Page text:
Blog Post

London’s most vulnerable need somewhere to live

Our Research Director Claire Harding considers what needs to be done to prevent the capital reverting to type and failing to provide homes for those most in need.

Adverts and editorials which point out the vast number of children stuck spending Christmas without a proper home have become a sad staple of the festive season. Things were a bit different in 2020 because the evictions ban kept more families in their homes than usual. However, the end of the ban, coupled with evidence of rising rents in the capital, means that we’re likely to be back to the terrible norm this year. There are nearly 10 times as many households in temporary accommodation in London is than in the rest of the country – more people in the capital become homeless, and on average they are homeless for longer.

The number of people living in temporary accommodation in London is also a lot higher than the number of people sleeping rough on the streets, but it tends to get less attention. Part of the problem is language: to those outside the system, ‘temporary accommodation’ sounds like somewhere you might go while your new kitchen is installed. ‘Bed and breakfasts’, where families are often placed, sound banal or even pleasant – but forget any visions of floral bedclothes and fresh eggs in the Cotswolds. In this context, a bed and breakfast is somewhere that people are sent to live without their own kitchen, and often without their own bathroom as well.

People end up in temporary accommodation when they are homeless and their council needs to find them somewhere to live, but they don’t have anywhere suitable available straight away. Councils aren’t obliged to find temporary accommodation for everyone who ends up homeless, only for those described as being in ‘priority need’ – mostly families with children, pregnant women, or people with disabilities. Others groups, including most working age adults without children, don’t usually get helped by the council, and may end up sleeping rough, in a shelter, or sofa surfing at friends’ and families’ homes. In a system which goes back to the Poor Law in the time of Queen Elizabeth I, councils also only have to do this for people who have a connection with their area – one of many reasons that vulnerable people often find it hard to move around the country to look for work or cheaper housing. And you also have to be ‘unintentionally homeless’, meaning you were kicked out of your home rather than leaving it of your own accord. This is sensible on the face of it, but in practice it means that families who have been sent eviction notices are forced to wait until they are physically evicted by bailiffs in order for the council to agree that they are homeless.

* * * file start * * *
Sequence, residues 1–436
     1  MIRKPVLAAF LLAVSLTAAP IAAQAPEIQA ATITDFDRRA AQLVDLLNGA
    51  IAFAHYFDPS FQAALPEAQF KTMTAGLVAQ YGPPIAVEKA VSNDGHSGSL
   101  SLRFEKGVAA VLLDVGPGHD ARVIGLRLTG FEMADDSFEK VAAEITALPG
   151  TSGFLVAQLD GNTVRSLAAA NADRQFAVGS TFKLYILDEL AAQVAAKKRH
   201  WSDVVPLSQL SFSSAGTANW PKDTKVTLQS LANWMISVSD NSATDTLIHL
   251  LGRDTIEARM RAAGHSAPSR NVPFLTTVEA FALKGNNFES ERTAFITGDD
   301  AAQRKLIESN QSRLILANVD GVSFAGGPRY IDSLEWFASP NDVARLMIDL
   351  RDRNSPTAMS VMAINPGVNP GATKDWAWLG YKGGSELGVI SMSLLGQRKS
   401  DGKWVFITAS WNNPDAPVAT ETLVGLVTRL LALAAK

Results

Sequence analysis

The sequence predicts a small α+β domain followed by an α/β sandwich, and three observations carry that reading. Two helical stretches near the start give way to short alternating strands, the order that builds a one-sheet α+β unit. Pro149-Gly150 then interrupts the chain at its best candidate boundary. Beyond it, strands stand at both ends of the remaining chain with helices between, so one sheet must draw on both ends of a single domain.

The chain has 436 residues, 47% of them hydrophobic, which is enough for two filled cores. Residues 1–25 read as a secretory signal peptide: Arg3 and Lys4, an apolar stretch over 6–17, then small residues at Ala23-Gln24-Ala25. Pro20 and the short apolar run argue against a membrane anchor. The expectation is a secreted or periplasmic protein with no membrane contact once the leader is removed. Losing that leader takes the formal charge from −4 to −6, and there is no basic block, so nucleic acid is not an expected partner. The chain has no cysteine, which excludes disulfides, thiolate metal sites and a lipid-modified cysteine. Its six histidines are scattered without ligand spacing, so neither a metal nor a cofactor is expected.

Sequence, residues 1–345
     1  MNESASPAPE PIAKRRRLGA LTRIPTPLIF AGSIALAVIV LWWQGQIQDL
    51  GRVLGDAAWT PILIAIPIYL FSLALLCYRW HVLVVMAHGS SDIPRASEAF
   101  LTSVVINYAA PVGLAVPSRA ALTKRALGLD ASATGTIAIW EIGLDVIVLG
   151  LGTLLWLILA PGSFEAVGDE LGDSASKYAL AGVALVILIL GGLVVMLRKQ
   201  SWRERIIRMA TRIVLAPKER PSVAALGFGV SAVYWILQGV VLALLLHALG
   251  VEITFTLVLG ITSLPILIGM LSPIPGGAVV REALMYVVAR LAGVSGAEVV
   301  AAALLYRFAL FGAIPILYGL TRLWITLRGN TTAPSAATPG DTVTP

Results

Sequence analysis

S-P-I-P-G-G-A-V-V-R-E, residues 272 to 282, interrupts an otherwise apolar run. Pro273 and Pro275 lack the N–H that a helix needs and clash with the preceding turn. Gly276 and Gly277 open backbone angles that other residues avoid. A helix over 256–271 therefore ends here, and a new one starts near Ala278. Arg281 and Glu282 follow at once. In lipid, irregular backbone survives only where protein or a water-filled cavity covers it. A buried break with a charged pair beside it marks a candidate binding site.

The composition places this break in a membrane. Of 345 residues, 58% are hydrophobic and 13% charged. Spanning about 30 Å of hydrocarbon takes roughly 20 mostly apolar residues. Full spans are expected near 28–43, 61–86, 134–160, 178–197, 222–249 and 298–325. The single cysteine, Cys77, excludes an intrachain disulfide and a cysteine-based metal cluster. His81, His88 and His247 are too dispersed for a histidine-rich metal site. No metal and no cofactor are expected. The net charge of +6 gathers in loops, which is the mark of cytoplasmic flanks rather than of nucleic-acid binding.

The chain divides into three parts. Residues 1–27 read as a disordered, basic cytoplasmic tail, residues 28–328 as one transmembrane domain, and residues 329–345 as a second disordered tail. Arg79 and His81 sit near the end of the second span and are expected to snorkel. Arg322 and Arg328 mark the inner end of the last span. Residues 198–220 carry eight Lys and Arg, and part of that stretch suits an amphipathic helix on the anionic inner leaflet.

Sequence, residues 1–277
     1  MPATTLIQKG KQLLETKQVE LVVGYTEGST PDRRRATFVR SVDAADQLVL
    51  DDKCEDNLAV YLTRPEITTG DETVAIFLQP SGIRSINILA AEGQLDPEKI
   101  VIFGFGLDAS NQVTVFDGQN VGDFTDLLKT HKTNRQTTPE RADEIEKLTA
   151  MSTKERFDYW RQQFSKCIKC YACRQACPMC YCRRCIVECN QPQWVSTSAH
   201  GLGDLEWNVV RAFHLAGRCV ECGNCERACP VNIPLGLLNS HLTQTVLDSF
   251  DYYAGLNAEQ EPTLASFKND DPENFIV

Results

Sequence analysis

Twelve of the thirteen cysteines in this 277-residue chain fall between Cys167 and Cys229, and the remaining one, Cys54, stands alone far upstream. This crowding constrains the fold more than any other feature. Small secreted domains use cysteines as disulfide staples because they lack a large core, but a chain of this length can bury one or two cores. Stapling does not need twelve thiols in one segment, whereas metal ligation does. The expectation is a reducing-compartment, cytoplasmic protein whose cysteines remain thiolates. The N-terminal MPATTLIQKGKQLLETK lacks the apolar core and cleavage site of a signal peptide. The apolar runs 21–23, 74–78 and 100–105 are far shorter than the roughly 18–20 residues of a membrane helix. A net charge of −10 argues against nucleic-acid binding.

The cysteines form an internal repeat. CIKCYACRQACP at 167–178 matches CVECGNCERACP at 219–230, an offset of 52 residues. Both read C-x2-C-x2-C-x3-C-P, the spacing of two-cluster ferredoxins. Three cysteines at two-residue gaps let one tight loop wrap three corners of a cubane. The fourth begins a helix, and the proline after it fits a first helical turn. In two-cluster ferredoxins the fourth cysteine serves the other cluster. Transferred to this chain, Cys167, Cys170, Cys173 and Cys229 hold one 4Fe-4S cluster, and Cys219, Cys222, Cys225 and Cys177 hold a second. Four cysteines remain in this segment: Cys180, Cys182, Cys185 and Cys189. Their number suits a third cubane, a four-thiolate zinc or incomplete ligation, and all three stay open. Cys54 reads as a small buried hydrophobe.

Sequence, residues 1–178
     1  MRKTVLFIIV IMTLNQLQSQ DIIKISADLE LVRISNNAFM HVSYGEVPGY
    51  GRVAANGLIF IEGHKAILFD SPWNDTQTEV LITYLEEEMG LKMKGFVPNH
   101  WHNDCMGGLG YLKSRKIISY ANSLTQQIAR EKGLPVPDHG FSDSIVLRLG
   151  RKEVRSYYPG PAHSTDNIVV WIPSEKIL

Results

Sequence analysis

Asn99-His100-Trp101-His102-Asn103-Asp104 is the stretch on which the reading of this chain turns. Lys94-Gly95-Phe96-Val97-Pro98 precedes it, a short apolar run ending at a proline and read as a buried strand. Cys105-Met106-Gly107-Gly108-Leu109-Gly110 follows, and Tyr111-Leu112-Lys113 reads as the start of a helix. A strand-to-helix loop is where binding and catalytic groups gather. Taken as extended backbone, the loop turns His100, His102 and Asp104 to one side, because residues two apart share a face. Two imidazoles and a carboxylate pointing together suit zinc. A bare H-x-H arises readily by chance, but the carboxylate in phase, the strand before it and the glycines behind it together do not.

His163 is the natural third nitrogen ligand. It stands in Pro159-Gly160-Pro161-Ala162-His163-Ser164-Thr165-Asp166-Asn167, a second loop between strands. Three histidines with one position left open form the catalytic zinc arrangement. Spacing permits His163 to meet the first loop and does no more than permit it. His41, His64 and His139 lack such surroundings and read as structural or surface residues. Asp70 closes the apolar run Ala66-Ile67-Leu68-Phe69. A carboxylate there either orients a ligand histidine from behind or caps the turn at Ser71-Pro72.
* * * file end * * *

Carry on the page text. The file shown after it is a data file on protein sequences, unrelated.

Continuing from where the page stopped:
In the best case scenario, being in temporary accommodation is OK, and short term. It might be basic but a clean and safe furnished flat owned by the council or a housing association, near to school and work, and a step on the way to a permanent place. In the worst case, it might be dirty and infested with vermin, with whole families living in one room far from their usual networks, stuck for months on end. These places are usually rented by the council from private landlords on a nightly or weekly rate which ends up much higher than ordinary rental contracts, for a far worse product. Councils are stuck with them because the law says they have to provide some sort of housing, and there are no other short term options in their area. And the lack of social housing and affordable private rented housing in London makes it hard to move people on to somewhere that’s suitable for them in the long term.

As it stands, the current temporary accommodation system in London benefits no one but landlords. Families are stuck in a system which is both punitive and hard to understand, and which makes it much harder for them to escape poverty by getting a better job, or by doing well at school or college. Councils have a legal and moral duty to help them, but don’t have the money or property to do it well. Taxpayers pay over the odds for bad outcomes. Our new project on homelessness and temporary accommodation is looking for new solutions which could work across the city to get us out of this mess, and to get the most vulnerable Londoners the homes they need and deserve.

Claire Harding is Research Director at Centre for London.  Read more from her here.